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Summary:

VoIP applications like Gorilla Mobile, Truphone and others are getting a lot of traction on iPhone.

Business Week today has a good summary of various mobile VoIP services that allow you to make phone calls from your cellphone over the Wi-Fi network. These apps are incredibly popular amongst people who use iPhones, thanks to services such as Truphone and Gorilla Mobile, while others like iCall will soon join the party. And that is just the beginning.

By 2011 the number of mobile VoIP users around the world may rise to 100 million from 7 million in 2007, according to ON World, a consulting firm based in San Diego. ON World estimates that in 2011, mobile VoIP voice services may generate $33.7 billion, up from $516 million in 2006, the most recent year for which the figure is available.

WiFi-based voice calls may not appear to make much sense in this era of $99, flat-rate unlimited plans, but when you have to make a lot of international long distance calls, the cost saving are humongous. I use Truphone on my iPhone and/or my Nokia e71 to make calls to my family and friends in India as well as to my sources, which are spread across the world.

There are times when I have used Skype (via iSkoot) on my mobiles to make calls, but Truphone is my service of choice. I save a lot of money when compared to what calls cost on the AT&T network.

No wonder phone companies don’t have much use for Wi-Fi unless they can use it off-load calls from the precious wireless spectrum to the Wi-Fi network. Others, like T-Mobile USA, have come up with a way to measure calls made via Wi-Fi hotspots and count them against wireless subscriber minutes, unless you sign up for an additional $10-a-month plan, Business Week notes.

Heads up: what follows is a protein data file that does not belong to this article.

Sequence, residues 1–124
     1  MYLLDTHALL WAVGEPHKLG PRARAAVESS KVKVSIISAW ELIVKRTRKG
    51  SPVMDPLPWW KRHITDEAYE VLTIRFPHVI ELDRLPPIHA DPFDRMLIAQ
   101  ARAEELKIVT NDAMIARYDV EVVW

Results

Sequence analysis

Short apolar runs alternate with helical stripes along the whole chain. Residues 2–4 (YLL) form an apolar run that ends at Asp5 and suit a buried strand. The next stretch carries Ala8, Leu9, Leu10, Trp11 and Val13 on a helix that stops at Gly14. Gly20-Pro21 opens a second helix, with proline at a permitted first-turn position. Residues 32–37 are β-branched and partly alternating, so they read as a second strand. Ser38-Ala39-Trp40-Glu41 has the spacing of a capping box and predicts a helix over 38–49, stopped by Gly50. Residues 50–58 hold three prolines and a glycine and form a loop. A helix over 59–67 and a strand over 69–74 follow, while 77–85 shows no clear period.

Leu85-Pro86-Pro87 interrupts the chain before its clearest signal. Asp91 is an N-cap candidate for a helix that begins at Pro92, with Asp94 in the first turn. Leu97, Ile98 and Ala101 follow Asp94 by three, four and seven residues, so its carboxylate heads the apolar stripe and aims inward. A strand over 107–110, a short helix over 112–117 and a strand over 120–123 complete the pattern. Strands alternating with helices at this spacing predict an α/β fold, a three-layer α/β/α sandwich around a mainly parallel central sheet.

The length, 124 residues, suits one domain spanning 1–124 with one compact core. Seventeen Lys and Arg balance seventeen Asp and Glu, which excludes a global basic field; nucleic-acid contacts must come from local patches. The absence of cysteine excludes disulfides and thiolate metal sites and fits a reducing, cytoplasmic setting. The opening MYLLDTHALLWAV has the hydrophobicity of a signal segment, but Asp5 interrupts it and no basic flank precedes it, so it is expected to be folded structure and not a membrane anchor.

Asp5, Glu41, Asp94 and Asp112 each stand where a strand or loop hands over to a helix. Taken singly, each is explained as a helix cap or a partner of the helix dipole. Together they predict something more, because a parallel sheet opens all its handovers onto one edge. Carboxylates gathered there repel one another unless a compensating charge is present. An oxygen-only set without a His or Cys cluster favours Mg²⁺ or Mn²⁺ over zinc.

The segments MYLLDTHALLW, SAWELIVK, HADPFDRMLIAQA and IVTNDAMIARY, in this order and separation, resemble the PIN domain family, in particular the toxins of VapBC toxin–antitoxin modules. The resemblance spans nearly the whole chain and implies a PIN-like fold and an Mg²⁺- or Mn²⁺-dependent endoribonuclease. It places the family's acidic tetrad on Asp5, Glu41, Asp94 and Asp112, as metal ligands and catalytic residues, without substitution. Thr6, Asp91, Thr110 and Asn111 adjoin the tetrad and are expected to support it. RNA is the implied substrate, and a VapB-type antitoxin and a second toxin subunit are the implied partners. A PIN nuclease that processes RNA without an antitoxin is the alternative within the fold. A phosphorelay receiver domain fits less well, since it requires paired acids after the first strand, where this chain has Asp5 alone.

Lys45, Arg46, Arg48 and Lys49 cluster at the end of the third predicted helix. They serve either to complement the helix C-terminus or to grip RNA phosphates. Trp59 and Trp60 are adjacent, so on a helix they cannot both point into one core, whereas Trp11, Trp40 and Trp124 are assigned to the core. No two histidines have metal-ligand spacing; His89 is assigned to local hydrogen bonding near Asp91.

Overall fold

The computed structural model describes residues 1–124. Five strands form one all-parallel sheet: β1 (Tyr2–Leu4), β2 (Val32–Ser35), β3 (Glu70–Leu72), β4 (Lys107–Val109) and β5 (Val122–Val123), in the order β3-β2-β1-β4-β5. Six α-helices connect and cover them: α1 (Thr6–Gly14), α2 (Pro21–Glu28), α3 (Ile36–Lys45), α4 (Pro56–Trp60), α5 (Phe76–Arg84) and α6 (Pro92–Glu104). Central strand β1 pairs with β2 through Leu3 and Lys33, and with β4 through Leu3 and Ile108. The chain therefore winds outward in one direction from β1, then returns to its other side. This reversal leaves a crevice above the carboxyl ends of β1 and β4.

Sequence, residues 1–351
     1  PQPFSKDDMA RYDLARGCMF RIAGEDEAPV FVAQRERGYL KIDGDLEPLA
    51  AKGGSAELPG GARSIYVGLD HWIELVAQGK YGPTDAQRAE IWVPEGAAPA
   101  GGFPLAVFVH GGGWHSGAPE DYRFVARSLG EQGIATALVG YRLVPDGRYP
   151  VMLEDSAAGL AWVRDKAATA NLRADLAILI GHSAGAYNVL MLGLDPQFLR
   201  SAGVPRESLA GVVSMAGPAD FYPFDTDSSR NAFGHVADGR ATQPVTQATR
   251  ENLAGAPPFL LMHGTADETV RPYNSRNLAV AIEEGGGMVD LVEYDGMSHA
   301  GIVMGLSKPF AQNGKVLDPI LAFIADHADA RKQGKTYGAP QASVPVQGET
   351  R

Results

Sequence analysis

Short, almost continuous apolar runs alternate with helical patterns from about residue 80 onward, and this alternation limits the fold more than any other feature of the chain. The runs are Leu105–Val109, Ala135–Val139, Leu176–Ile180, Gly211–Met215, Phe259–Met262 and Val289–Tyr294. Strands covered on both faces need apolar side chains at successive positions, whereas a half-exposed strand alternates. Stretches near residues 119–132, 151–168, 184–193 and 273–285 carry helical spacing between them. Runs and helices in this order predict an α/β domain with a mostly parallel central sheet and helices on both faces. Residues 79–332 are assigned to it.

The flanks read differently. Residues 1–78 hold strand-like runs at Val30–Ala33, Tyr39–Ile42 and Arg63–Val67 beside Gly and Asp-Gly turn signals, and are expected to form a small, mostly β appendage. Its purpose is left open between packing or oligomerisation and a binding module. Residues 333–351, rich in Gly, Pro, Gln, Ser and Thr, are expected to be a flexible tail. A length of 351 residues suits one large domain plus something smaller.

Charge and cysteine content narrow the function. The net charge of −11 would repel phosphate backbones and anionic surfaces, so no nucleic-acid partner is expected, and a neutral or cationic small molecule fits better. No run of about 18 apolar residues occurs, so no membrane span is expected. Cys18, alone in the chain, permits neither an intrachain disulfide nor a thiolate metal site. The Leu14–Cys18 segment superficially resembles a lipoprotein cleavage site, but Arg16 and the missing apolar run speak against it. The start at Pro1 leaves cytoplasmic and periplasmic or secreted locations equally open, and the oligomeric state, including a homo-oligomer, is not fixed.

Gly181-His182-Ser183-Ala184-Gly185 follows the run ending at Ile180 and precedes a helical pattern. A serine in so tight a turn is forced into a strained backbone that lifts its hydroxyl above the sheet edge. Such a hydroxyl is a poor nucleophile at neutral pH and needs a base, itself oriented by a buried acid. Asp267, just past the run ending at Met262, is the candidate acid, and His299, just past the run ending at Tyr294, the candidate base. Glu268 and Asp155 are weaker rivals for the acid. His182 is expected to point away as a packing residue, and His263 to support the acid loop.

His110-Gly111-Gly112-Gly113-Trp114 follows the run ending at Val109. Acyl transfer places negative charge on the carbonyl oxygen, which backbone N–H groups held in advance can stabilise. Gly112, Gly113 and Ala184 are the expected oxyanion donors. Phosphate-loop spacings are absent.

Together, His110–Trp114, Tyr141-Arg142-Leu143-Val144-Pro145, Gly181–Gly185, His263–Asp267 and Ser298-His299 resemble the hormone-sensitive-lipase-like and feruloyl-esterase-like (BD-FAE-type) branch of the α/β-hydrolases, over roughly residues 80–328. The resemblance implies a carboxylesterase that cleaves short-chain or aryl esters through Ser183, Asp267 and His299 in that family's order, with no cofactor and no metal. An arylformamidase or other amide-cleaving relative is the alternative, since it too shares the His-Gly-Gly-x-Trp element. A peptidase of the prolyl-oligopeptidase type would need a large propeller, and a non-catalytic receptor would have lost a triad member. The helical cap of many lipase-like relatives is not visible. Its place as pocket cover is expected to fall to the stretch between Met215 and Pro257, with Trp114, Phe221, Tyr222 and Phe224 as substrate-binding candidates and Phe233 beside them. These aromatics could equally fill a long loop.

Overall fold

So obviously they’ve gone out of their way to neuter VoIP services like Truphone. More recently, Nokia decided to take out VoIP functionality from some of its N-Series devices, like the N78 and the forthcoming N96, in what could very well be called carrier arm-twisting.

I think that if carriers want to compete with mobile VoIP they need to lower their long-distance prices to that of VoIP services. By using their network backbones they can offer convenience and quality to trounce the upstarts. The problem is that wireless companies will not make this logical move — until it’s too late.

Related Stories:

* 7 Ways to VoIP From Your Mobile Phone.
* iSkoot, Not Skype, Launched on Symbian.

  1. With all the mobile web data traffic being generated these days by new smartphones and the resultant load on backhaul as well as the need to build out network, you would think the carriers would love to provide a revenue generating UMA/GAN gateway service (such as T-Mobile@Home) to reduce their wireless carrier infrastructure overhead (new towers, additional backhaul fibre, financing, etc.) not to mention zoning and other regulatory issues associated with cell tower placement. With WiFi it’s actually the user paying the, say, $100 overhead to buy the hardware to create a WiFi access point.

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  2. Om – FYI the Truphone link is broken.